By ANDREW NELSON, Staff Writer | Published April 29, 2010
Women handed boxes of tissues to one another as they dried tears and dabbed swelling eyes. One by one, the dozen women sitting in the circle confessed what they were leaving behind as their retreat together ended. “My hurts.” “Negative energy.” “Satan.”
“I just feel free. I feel at peace with myself,” said one.
Said Melissa Peña: “I hope to remain just as close to God. I hope the meditation, everything I learned here sticks with me in my everyday life.”
Everyday life for these women means living in shelters for recovering addicts.
The Ignatius Retreat House recently hosted the women for a two-day, one-night break from the shelters. The women attended workshops, led peer counseling, prayed the Stations of the Cross and relaxed in the leafy, lush property overlooking the Chattahoochee River.
“They’ve lost their community (because of drug abuse). It is kind of bringing them back into community and to be community” for each other, said Maria Cressler, the executive director of the retreat facility.
Waiting in their private rooms as the women arrived were flowers in a vase, letters of encouragement written by strangers and a gift bag.
Tara Stallworth, 41, has been in treatment since March for her addiction to prescription pills. “I knew I’d die,” said Stallworth.
To walk around the trees, gaze at the river and marvel at the smallest flower were blessings, she said. Stallworth, a mother of two who said she is a former teacher in South Georgia, laughed at how in the past she’d have complained about a misplaced leaf on a lawn. But now, the same leaf fills her with wonder. Stallworth said she is “coming back alive through nature.”
The environment is “quiet enough to hear God speak back into our lives,” she said.
The invitation for retreat was an unexpected treat. She arrived with no expectations since the experience was new, said Stallworth, who is a Christian and married to a church pastor.
“I feel revived. I want to incorporate (the retreat activities) into my life,” she said.
The retreat is part of a national Catholic movement from the Chicago-based Ignatian Spirituality Program. It combines portions of the 12-step program used by groups like Alcoholic Anonymous with the principals of Ignatian spirituality developed by the Jesuits. During these retreats, people confront fears and rebuild trust, hear witness reflections, have time in nature and prayer. In 2010 the Atlanta retreat center is donating the resources to host eight of these retreats for men and women.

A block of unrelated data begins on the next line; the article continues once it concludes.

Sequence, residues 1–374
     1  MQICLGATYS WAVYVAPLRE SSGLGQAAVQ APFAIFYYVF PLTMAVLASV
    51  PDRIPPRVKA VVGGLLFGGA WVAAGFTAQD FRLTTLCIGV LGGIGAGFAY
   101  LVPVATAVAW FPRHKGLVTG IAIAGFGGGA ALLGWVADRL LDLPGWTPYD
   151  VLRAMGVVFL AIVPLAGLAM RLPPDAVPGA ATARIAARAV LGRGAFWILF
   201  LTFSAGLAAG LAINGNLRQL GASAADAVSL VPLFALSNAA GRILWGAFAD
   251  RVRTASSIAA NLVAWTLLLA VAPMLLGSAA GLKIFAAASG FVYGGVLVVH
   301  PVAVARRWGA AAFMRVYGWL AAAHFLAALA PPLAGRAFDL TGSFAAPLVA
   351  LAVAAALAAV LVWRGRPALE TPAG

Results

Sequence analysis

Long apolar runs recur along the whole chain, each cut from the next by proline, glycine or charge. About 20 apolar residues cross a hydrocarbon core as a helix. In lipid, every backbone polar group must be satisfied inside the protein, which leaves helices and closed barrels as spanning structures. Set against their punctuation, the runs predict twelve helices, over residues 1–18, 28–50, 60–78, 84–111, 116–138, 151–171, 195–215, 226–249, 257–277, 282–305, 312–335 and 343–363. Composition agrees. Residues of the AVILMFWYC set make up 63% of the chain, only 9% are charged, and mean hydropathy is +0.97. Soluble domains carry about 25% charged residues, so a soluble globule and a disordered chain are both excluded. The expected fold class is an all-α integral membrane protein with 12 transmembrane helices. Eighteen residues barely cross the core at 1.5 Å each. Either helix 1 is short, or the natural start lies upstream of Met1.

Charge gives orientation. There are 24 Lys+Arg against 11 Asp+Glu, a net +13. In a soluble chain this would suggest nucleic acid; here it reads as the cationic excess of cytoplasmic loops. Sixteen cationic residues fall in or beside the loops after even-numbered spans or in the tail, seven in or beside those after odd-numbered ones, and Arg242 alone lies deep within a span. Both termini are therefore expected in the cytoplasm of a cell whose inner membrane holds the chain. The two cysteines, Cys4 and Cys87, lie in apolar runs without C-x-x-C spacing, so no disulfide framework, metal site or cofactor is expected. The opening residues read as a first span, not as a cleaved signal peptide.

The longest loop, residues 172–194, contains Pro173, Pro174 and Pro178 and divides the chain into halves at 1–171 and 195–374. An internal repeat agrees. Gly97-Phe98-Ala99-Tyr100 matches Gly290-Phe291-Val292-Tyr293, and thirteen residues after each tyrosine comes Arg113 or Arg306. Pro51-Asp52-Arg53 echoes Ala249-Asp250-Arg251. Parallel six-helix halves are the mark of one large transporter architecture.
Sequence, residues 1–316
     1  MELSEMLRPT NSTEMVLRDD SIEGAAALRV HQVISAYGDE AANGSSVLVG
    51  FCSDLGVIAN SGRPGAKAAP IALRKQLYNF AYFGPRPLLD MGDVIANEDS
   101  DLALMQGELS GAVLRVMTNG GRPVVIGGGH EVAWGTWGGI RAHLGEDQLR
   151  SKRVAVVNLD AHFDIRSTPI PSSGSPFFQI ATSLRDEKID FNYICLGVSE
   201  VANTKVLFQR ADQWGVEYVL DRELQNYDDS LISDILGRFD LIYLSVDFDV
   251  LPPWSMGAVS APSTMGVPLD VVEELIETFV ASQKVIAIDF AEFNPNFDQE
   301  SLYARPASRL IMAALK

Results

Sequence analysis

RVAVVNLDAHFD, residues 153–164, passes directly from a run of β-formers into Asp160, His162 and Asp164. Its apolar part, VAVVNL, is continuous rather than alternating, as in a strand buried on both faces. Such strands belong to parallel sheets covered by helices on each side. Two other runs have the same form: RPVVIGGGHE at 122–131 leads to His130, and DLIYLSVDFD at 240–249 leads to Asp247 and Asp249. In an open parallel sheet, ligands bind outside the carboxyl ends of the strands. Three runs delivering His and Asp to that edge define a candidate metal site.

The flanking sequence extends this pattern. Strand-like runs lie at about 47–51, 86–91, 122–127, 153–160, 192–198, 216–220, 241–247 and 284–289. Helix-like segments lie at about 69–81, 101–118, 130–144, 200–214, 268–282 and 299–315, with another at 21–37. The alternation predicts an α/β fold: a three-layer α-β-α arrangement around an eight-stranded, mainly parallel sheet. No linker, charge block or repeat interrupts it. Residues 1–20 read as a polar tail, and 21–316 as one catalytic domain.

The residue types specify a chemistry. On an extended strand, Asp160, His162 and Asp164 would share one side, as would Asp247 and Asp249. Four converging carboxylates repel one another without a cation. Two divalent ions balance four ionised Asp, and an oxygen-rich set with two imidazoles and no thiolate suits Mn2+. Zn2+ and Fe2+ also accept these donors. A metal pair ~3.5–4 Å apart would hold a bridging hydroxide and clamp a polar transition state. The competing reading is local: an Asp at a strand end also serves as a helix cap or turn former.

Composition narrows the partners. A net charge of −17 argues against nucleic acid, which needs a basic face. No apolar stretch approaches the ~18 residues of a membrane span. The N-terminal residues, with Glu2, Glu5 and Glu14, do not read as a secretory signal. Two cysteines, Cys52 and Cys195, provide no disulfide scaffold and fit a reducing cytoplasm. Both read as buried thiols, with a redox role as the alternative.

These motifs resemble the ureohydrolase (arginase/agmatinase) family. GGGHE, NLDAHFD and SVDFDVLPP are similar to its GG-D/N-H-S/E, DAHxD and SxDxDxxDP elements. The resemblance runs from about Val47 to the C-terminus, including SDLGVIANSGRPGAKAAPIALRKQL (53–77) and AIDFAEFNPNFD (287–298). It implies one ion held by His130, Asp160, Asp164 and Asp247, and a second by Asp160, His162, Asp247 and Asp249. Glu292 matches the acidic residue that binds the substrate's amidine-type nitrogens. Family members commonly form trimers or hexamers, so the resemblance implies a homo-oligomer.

“When you meet them, you realize they are just like you with hopes and dreams. They have the courage, the strength, … they are women of faith,” said Maureen Ingalls, a spiritual director at the retreat center and a member of Our Lady of Lourdes Church, Atlanta. “If they get as much out of the retreat as I do, wow!”
Roxanne Wilhem, a parishioner of St. Ann Church, Marietta, said the retreat isn’t a one-time experience. A gathering in May is scheduled to bring the women back together, she said.
The retreat is a powerful experience in part because the women “lack an opportunity to grieve” and this time allows them to think, said Wilhem, a nurse. “They are just so full of joy and grateful to be here. It’s so obvious it’s bubbling over.”
Peña, a mother of three, drank herself into blackouts when she abused drugs and alcohol. For the 30-year-old, the retreat was new. “It’s been very touching. I feel more at one with myself, with God, in tune with nature,” she said.
The time away from the shelter where she lives gave her time to reflect on her past, she said. “I couldn’t think about it because there was so much noise,” she said.
During her day there, Peña, along with the others, spent some time painting as a way to deal with past hurts. Her painting illustrated herself coming out a dark place and arising to God. She showed God’s grace in her life falling like rain and reviving life to her heart.
“The whole experience I treasure the most,” she said.